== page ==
HIGHLANDS RANCH, Colo. (KDVR) — Festive Cup Coffee and Gift Boutique is aiming to fill gaps and break barriers in the Highlands Ranch community.

Owner Amy Lunstra, who is a former ThunderRidge High School special education teacher, noticed that there were few to zero opportunities for adults with intellectual and developmental disabilities outside of school.

“I built these relationships with families and they started talking about the transition for their adult or their child with special needs into adulthood. That transition is really difficult and just painful,” Lunstra said. “I started listening to their concerns and they were just expressing that there wasn’t a program in Highlands Ranch, and once they turn 21 and transition out of schools, then there isn’t the next step for them in their neighborhood.”

With a vision in mind, Lunstra purchased Festive Cup Coffee in June 2020 from the family of a former student at ThunderRidge. Then in January 2021, she hired the shop’s first employee with IDD.

“As I got acclimated to business ownership, we were able to hire another adult that we would support, and then another, and now we employ 12 adults with special needs or 12 adults with IDD, and it’s awesome,” she said.

Hope that hiring adults with IDD becomes widespread

Workers at the shop are not only paid a minimum wage, but they are learning independence and the value that they hold.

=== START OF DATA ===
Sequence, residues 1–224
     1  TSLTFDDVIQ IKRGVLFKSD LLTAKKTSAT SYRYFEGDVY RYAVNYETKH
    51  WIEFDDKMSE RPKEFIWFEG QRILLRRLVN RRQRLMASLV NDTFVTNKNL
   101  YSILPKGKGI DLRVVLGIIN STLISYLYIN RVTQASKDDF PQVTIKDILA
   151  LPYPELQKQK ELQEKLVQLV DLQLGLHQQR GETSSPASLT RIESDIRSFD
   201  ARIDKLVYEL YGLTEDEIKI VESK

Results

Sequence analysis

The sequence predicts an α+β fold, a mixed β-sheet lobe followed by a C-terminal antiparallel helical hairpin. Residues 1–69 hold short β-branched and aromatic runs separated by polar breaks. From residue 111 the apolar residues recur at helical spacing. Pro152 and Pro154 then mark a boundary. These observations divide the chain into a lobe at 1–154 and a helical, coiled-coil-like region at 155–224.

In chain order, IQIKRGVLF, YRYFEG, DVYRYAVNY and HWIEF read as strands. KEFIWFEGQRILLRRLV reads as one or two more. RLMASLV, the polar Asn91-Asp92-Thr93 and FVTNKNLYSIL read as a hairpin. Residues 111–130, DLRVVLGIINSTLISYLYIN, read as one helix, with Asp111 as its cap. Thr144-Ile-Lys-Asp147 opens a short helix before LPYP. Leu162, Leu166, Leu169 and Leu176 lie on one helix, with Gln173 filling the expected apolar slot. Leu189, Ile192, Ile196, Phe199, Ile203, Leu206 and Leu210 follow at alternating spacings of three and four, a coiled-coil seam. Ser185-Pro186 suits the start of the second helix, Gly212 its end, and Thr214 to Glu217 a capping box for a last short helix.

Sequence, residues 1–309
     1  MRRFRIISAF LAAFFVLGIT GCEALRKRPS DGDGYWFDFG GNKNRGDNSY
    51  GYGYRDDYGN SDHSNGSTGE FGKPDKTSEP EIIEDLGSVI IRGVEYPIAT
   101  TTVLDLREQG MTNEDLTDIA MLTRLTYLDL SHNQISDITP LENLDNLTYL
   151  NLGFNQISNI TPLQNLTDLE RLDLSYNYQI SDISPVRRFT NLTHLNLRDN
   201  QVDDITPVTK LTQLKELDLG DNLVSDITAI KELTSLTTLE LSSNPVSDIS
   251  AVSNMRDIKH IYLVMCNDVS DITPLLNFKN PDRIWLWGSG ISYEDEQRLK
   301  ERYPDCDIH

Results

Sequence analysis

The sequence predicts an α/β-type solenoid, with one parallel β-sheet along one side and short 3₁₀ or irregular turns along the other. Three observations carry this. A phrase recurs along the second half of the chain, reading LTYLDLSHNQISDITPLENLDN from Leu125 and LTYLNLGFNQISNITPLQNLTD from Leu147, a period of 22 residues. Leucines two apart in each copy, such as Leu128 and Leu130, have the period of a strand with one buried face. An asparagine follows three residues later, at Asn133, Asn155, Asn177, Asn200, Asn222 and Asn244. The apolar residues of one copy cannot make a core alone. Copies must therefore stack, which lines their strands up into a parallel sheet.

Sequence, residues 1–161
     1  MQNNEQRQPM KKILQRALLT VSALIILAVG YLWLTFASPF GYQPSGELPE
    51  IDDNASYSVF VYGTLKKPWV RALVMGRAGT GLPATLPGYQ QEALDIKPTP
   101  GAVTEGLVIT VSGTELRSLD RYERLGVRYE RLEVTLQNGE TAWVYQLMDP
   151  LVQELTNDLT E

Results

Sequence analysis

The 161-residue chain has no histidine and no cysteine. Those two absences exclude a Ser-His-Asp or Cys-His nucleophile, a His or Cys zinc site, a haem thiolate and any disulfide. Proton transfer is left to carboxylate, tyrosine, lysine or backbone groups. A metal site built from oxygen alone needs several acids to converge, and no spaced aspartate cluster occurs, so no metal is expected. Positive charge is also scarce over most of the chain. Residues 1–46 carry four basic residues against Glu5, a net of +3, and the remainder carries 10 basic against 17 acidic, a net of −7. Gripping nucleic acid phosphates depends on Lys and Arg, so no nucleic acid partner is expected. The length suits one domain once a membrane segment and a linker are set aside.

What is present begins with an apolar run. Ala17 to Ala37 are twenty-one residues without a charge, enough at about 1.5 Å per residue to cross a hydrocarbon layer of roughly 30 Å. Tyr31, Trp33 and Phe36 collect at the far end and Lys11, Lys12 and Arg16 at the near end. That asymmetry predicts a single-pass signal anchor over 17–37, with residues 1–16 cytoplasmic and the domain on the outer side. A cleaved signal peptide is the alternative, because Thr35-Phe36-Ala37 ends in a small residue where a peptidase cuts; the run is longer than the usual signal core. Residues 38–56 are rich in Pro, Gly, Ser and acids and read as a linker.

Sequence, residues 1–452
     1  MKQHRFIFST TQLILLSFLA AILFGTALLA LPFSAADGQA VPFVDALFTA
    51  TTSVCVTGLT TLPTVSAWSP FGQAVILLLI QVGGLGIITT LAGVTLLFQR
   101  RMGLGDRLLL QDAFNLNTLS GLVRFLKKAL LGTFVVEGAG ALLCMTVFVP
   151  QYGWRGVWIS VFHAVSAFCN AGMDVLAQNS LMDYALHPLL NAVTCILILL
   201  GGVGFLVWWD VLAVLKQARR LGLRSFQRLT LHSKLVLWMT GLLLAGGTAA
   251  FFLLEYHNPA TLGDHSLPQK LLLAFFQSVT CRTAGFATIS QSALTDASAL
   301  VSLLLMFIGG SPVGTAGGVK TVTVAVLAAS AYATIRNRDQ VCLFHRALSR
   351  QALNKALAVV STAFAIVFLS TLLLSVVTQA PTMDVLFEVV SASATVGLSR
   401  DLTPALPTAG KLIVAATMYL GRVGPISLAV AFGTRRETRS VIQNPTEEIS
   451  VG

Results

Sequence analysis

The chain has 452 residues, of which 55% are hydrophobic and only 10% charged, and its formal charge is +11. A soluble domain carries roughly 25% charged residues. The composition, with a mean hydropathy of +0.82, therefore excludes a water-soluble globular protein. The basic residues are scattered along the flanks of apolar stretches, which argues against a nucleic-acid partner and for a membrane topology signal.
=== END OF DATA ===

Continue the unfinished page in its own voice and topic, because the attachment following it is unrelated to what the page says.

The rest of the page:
“We have a couple of our adults, three or four of them now, that can easily work the espresso machine and it’s awesome to see,” she said. “The registers are a little bit more daunting because there’s so many more choices, but they are getting it and we have modifications for plans that will create for more independence.”

Lunstra’s hope is that her coffee shop will create a ripple effect in the community and encourage other businesses to hire adults with IDD.

“They want to do things on their own by themselves and, you know, I think denying that piece is a huge disservice to an amazing group of humans,” she said. “If other business owners want to do something like this, reach out to another business like me and say, ‘Hey, I own an auto shop. How can I do what you’re doing?'”

Kathy Myers, a regular at the coffee shop, said she hopes the shop continues to grow and people will be more accepting of adults with IDD.

“They’re so warm and inviting, and they’re so patient with them. It’s really a great place,” she said.

For the future, Lunstra said she intends to go even bigger and create a nonprofit agency for adults with IDD in the Highlands Ranch community.

“Our main focus will be job coaching and vocational training, and we’ll also end up supporting connections out in the community, either volunteering or going out and just doing things that the general public do on a daily basis,” Lunstra said. “Go to lunch with a friend, go you know, explore a museum or take a hike or any of those things that we like to do for fun when living in Colorado.”

Lunstra said that while beginning this journey was hard, she is proud of what her coffee shop has been creating.

“They have given me so much that I hope that in some way I’m giving back to them,” she said. “It’s not about anything other than wanting to do something kind.”